Using the maximal χ2 method, the optimal H-score cutpoint for dividing patients into low- and high-nuclear TS IHC expression groups was consistently identified as 70 for PFS, OS, and ORR (Table 3). The optimal cutpoint for DCR was 50. Figure 2A and Supplementary Figure 2A (Supplemental Digital Content 3, http://links.lww.com/JTO/A415) present the effect of moving the cutpoint along the H-score continuum on the association with PFS and OS. The association between nuclear H-scores and PFS or OS was statistically significant (p < 0.05) across a wide range of cutpoints (Wald χ2 statistic above the horizontal line of 3.84), including the identified optimal cutpoint of 70. Regardless of which cutpoint was chosen, mPFS and mOS of the low–TS-expression group were consistently higher than the mPFS and mOS of the corresponding high-expression group (Fig. 2B; Supplementary Figure 2B, Supplemental Digital Content 3, http://links.lww.com/JTO/A415). The association with ORR and DCR was weaker (Supplementary Figs. 3 and 4, Supplemental Digital Content 4 and 5, http://links.lww.com/JTO/A416 and http://links.lww.com/JTO/A417).
For TS expression in the cytoplasm, no consistent optimal H-score cutpoint was identified across the different outcomes (Table 3); associations were less pronounced, but otherwise, showed the same direction as those for nuclear TS expression (Table 3; and Supplementary Figs. 5–8, Supplemental Digital Content 6, 7, 8, and 9 http://links.lww.com/JTO/A418, http://links.lww.com/JTO/A419, http://links.lww.com/JTO/A420, and http://links.lww.com/JTO/A421).
For TS mRNA expression, the optimal cutpoint dividing patients into TS mRNA low- and high-expression groups was identified as a Δ-Cq value of –1.30 for both PFS and OS, and a value of –1.28 for both ORR and DCR (Table 3). Supplementary Figures 9A, 10A, 11A, and 12A (Supplemental Digital Content 10, 11, 12, and 13, http://links.lww.com/JTO/A422, http://links.lww.com/JTO/A423, http://links.lww.com/JTO/A424, and http://links.lww.com/JTO/A425) present the effect of moving the cutpoint along the Δ-Cq score continuum on the association with the different clinical outcomes. The separations of median values between low and high mRNA-expression groups showed the same trend, but were much less pronounced, than those for the nuclear TS protein expression (Supplementary Figs 9B, 10B, 11B, and 12B, Supplemental Digital Content 10, 11, 12, and 13, http://links.lww.com/JTO/A422, http://links.lww.com/JTO/A423, http://links.lww.com/JTO/A424, and http://links.lww.com/JTO/A425).
Association between TS Expression (Low and High) and Clinical Outcomes
Using the identified optimal H-score cutpoint of 70 for nuclear TS expression, low nuclear TS expression was significantly associated with longer PFS and OS (low- versus high-expression group: mPFS 7.1 versus 2.6 months; HR [95%CI] 0.283 [0.155–0.516]; [adjusted p = 0.0015; mOS 17.5 versus 4.6 months; HR [95%CI] 0.306 [0.161–0.585]; adjusted p = 0.0003; Table 3, Fig. 3). For ORR and DCR, the differences between high–TS- and low–TS-expression groups were not significant, but data showed the same direction as for PFS and OS (Table 3). If the prespecified H-score cutpoint of 70 was used, the association between nuclear TS expression and outcome was significant (unadjusted p value) for all four clinical outcomes (Fig. 2A; Supplementary Figs. 2A, 3A, and 4A, Supplemental Digital Content 3, 4, and 5, http://links.lww.com/JTO/A415, http://links.lww.com/JTO/A416, and http://links.lww.com/JTO/A417). If TS-negative and TS-positive expression groups were compared (H-score cutpoint prespecified as 0), a significant association was observed only for OS.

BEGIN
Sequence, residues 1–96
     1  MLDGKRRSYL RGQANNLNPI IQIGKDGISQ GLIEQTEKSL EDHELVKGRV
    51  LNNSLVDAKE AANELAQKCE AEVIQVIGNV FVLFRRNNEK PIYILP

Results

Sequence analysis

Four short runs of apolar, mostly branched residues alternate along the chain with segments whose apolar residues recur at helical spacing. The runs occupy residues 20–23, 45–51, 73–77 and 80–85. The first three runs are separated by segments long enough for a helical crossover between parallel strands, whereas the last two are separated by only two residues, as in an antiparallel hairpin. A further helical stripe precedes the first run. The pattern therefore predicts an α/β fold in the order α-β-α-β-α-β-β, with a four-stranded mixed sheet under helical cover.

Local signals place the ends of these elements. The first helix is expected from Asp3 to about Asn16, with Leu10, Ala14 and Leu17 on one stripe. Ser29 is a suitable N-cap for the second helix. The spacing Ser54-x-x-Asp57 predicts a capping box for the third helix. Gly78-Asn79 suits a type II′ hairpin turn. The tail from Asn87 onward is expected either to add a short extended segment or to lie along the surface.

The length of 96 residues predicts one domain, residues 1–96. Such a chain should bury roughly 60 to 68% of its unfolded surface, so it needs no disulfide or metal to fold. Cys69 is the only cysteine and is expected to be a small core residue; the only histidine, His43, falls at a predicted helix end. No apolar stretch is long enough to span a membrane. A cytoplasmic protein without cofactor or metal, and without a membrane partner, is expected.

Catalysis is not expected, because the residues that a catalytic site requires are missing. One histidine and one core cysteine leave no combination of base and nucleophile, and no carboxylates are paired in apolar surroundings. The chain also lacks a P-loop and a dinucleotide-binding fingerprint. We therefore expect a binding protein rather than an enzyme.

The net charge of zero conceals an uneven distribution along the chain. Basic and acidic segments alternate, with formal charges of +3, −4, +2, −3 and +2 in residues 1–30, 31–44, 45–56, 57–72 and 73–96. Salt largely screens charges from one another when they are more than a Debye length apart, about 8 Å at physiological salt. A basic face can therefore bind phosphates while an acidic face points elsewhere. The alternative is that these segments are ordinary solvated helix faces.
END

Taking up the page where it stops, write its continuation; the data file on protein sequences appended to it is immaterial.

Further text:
For the association between cytoplasmic TS or TS mRNA expression and clinical outcomes, the differences between high–TS- and low–TS-expression groups were less pronounced, but consistently showed the same direction as for nuclear TS expression (Table 3; Supplementary Figs. 13–15 Supplemental Digital Content, 14, 15, and 16, http://links.lww.com/JTO/A426, http://links.lww.com/JTO/A427, and http://links.lww.com/JTO/A428).
In summary, low nuclear TS expression was significantly associated with longer PFS and OS (continuous and optimal cutpoint analyses) (Table 4). H-scores for nuclear or total TS expression and Δ-Cq for TS mRNA expression were highly correlated (Spearman correlation coefficient r = −0.616 and –0.535, respectively; p < 0.001 for both); the correlation between cytoplasm H-scores and Δ-Cq was less pronounced (r = −0.286; p = 0.03). The correlation between H-scores for nuclear and cytoplasmic TS expression was also highly significant (r = 0.406; p = 0.001).
Treatment Exposure and Safety
Of 70 patients treated (60 with valid IHC), 51 received all four cycles of pemetrexed/cisplatin, and 43 (61.4%; 37 with valid TS IHC) started pemetrexed maintenance. Patients received median seven treatment cycles (range, 1–24); median relative dosage intensity for pemetrexed was 93% (cisplatin 97.6%).
Five patients died during or within 30 days after chemotherapy: one from neutropenic sepsis during pemetrexed/cisplatin (cycle 3); one from pneumonia not related to study drugs; three from underlying NSCLC. Forty-one patients (58.6%) experienced at least one serious adverse event (related to study drug 24 patients; 34.4%). Supplementary Table 2 (Supplemental Digital Content 17, http://links.lww.com/JTO/A429) summarizes the most frequent study–drug–related grade 3/4 toxicities.
This is the first prospective study to show a statistically significant association between low TS expression and better clinical outcomes in NS-NSCLC patients, treated with first-line pemetrexed/cisplatin, followed by maintenance pemetrexed. The study is unique for its prospective design measurement of TS expression at the protein and mRNA levels, with comprehensive statistical analyses. The association between low TS expression and longer PFS and OS was statistically significant for all four TS assays (continuous TS analyses).